by Marion Nestle
Nov 1 2012

Energy drinks: Why deregulation is not such a good idea

Concerns that highly caffeinated Monster Energy drinks might be responsible for the recent deaths of at least five young adults are, as I see it, a direct result of deregulation of food oversight.

Here’s my version of the history leading up to the present situation:

  • In 1994, Congress passed the Dietary Supplement Health and Education Act (DSHEA), which in essence deregulated dietary supplements, permitted them to be labeled and regulated as supplements, not foods, and removed much of FDA’s authority over their contents and health claims.
  • The dietary supplement industry, as I explain in Food Politics, wrote much of the key language of this law.
  • When the FDA tried to enforce its food rules for supplements, the courts ruled in favor of manufacturers on First Amendment grounds.
  • Because rules for supplements are less restrictive than those for foods, some manufacturers prefer labeling their products as supplements.
  • Monster Energy drinks are labeled as supplements, removing them from much of FDA’s authority.

The results of DSHEA, in this case, are explained by the New York Times:

But while the F.D.A. regularly makes adverse event reports about drugs and medical devices publicly available, it does not do so for dietary supplements like energy drinks. Because of that policy, consumers had no way of knowing of the complaints about Monster Energy drinks before incident reports were released by the F.D.A. in response to a formal Freedom of Information Act request.

Also, while supplement makers have been required since late 2007 to alert the F.D.A. to possible product-related deaths and injuries, Monster Beverage submitted just one such report to the agency over the last four years, agency officials said.

Most likely because of their high caffeine content, sales of energy drinks are rising rapidly, as shown in this graphic from the Times:

Booming sales means booming profits, and the makers of energy drinks are under pressure to cash in.  That sometimes means cutting corners or not always matching contents to labels.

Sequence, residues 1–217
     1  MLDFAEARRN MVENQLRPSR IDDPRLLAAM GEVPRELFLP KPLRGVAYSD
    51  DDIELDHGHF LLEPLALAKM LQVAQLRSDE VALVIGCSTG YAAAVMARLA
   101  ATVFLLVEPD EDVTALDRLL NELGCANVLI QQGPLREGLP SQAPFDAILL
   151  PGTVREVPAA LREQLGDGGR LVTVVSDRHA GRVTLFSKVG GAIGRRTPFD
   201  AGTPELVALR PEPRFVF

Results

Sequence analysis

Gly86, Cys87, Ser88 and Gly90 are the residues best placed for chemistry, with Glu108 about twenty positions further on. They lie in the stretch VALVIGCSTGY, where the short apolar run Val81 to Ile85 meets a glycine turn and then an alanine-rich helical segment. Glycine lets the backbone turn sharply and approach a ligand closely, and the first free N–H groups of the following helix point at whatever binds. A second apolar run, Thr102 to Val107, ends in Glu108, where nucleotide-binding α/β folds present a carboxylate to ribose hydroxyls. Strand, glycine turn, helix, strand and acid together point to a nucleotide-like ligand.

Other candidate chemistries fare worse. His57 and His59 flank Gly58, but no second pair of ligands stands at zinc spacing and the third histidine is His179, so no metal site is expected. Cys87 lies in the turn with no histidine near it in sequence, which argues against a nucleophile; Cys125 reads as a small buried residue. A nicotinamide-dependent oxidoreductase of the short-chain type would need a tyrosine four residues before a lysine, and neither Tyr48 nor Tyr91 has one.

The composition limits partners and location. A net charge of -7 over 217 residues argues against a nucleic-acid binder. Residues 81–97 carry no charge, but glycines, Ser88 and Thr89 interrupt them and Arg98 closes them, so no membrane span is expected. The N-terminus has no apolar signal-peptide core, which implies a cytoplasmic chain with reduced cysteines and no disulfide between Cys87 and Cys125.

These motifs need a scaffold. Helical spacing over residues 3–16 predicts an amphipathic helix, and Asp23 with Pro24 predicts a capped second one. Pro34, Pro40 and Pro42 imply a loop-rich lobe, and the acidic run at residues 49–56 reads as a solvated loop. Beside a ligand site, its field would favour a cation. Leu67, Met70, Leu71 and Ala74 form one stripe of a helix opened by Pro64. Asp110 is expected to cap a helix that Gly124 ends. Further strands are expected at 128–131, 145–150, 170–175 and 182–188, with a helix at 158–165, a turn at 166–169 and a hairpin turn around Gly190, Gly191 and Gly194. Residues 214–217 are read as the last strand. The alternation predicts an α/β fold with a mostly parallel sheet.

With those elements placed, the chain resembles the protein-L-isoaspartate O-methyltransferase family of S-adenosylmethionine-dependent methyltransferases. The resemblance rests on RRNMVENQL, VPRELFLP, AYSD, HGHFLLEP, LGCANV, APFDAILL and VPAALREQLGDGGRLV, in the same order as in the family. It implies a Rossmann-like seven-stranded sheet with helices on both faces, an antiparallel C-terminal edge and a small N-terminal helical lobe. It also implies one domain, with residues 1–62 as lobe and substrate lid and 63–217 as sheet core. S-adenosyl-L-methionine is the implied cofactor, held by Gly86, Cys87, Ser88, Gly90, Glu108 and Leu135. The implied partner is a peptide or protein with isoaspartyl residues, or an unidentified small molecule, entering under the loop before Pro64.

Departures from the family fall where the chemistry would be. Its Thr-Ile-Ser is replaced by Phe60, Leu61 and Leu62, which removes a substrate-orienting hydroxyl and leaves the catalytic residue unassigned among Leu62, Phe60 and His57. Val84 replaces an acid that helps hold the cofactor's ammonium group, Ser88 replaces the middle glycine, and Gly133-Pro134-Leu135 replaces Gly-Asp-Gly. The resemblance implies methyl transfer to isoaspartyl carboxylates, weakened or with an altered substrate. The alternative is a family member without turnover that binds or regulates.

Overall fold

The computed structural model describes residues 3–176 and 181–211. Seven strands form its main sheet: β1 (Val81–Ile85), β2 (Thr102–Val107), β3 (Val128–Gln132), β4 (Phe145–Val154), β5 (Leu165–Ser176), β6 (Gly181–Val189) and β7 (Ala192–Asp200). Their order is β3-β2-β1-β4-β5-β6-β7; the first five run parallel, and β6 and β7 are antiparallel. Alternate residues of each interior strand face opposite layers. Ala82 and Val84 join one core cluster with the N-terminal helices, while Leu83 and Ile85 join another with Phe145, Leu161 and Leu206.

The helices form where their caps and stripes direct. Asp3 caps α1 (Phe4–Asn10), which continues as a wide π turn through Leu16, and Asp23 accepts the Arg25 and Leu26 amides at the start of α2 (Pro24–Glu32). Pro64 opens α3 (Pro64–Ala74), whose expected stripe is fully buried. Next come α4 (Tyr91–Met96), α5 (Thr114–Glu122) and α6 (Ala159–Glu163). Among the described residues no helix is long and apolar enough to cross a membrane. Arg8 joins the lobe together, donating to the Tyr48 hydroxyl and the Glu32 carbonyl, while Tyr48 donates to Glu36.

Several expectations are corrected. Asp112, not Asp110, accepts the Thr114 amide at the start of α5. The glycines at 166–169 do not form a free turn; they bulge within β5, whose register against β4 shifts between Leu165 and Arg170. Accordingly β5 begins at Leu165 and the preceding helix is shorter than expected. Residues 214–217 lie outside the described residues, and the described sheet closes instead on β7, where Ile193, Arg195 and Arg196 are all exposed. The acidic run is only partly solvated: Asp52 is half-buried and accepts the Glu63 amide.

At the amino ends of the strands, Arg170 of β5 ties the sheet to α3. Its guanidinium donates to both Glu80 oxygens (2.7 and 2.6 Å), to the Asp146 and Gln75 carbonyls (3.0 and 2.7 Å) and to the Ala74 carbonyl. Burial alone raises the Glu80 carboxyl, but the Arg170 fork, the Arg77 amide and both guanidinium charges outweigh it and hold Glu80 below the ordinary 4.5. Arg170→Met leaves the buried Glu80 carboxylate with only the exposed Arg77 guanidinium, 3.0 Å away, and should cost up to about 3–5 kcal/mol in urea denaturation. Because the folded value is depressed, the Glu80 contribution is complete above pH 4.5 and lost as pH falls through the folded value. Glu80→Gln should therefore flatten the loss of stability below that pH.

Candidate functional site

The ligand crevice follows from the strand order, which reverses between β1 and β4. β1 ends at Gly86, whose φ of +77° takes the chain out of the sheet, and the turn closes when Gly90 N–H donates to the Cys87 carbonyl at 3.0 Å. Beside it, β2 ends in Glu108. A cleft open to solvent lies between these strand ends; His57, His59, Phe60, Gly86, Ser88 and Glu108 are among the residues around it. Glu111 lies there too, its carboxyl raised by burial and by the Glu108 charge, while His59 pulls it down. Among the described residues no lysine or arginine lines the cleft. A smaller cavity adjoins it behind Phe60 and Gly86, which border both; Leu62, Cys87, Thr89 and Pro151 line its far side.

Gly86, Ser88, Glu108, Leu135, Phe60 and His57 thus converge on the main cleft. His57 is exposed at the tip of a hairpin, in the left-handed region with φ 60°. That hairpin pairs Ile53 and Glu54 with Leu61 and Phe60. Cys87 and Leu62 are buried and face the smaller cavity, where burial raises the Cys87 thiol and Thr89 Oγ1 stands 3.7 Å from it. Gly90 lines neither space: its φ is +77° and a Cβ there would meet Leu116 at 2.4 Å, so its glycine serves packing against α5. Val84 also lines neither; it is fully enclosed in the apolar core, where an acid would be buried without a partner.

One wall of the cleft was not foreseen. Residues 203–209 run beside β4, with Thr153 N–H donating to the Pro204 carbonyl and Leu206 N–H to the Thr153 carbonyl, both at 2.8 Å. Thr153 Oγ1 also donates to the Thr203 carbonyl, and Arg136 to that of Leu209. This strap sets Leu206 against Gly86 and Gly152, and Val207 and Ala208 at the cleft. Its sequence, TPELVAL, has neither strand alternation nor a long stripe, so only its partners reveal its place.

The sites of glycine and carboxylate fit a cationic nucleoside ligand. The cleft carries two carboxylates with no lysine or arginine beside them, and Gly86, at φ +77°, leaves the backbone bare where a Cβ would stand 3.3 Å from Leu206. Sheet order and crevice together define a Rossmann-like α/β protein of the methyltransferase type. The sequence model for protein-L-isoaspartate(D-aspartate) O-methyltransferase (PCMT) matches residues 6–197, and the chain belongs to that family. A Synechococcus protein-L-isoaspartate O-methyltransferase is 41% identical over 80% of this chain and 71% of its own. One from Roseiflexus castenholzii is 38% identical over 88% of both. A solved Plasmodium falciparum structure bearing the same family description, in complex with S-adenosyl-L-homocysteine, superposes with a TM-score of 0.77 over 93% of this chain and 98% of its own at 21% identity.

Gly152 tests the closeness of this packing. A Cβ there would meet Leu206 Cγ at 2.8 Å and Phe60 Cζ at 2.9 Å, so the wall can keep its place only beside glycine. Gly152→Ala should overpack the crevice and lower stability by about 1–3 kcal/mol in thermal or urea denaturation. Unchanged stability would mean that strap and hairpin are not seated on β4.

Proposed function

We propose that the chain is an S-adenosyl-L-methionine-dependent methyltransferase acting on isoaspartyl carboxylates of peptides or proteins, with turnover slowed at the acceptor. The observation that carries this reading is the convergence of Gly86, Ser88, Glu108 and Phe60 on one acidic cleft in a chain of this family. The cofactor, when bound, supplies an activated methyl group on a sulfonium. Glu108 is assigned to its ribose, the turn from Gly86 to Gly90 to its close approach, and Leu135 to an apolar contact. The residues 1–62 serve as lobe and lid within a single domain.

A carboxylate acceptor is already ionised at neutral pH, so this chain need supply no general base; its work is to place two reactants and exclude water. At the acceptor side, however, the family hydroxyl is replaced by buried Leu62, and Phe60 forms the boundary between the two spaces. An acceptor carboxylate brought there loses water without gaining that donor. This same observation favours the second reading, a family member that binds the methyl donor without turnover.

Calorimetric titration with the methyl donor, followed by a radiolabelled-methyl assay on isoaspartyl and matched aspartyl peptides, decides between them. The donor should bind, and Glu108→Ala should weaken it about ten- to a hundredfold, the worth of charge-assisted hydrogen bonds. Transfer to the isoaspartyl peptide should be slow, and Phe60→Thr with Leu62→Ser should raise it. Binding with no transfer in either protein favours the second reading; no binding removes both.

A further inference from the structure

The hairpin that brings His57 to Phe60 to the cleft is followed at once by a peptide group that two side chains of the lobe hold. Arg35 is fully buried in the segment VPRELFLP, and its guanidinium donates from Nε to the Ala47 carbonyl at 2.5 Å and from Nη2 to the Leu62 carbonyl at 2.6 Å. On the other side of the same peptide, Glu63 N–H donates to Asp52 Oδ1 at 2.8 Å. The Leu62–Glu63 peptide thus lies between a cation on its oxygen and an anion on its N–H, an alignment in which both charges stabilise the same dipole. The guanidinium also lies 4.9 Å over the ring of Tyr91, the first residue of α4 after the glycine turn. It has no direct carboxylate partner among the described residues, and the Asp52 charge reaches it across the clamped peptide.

For example, a Consumer Reports investigation of the caffeine content of energy drinks identified some discrepancies.

Caffeine levels per serving ranged from about 6 milligrams to 242 milligrams per serving—and some containers have more than one serving. The highest level was in 5-hour Energy Extra Strength; the lowest in the seemingly oxymoronic 5-hour Energy Decaf…By comparison, an 8-ounce cup of coffee has about 100 milligrams; a 16-ounce Starbucks Grande, 330 milligrams.

Five of the 16 products that list a specific amount of caffeine…had more than 20 percent above their labeled amount on average in the samples we tested. On the other hand, one…had caffeine about 70 percent below the labeled amount.

Consumer Reports noted one other key point: the FDA considers caffeine as GRAS (Generally Recognized As Safe) and does not require amounts to be listed on labels.

A representative of the Monster Beverage Corporation explained that his company does not list caffeine levels “because there is no legal or commercial business requirement to do so, and also because our products are completely safe, and the actual numbers are not meaningful to most consumers.”

Consumer Reports points out that Monster drinks—like those of 16 other products—warn against use by children, pregnant or nursing women, and people sensitive to caffeine, and recommend a daily limit.

Whether the Monster Energy drinks are really responsible for the reported deaths will not be easy to establish.  One victim, age 14, is said to have consumed two 24-ounce Monster drinks containing 240 mg caffeine each within a day or two.

That energy drinks are labeled as supplements ties the FDA’s hands in dealing with such products.

Here are some suggestions to consider:

  • Label energy drinks with standard Nutrition Facts panels.
  • Require amounts of caffeine to be stated on the label.
  • Limit the amount of caffeine that can be included in soft drinks.

Two Senators (Durban and Blumenthal)—not for the first time—are pushing the FDA to investigate.  Good idea.  I can only speculate about why the FDA isn’t responding, but I’m guessing that this issue, like so many others, is too controversial to take up during an election campaign.

Soon, please.

Comments

  • Steve
  • November 1, 2012
  • 2:55 pm

I am missing something here? A kid drinks the equivalent of a large coffee in consecutive days and dies tragically, and the blame lay with the deregulation of energy drinks? I’m sure he knew caffeine was in the drink and it the drink didn’t have a dangerous amount of caffeine in it. Regulation would not have changed anything.